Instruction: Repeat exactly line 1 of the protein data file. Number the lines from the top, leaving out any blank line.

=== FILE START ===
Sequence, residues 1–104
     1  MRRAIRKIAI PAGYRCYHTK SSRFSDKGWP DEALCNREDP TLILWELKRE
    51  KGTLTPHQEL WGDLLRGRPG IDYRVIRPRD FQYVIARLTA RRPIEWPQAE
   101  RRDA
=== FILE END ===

Sequence, residues 1–104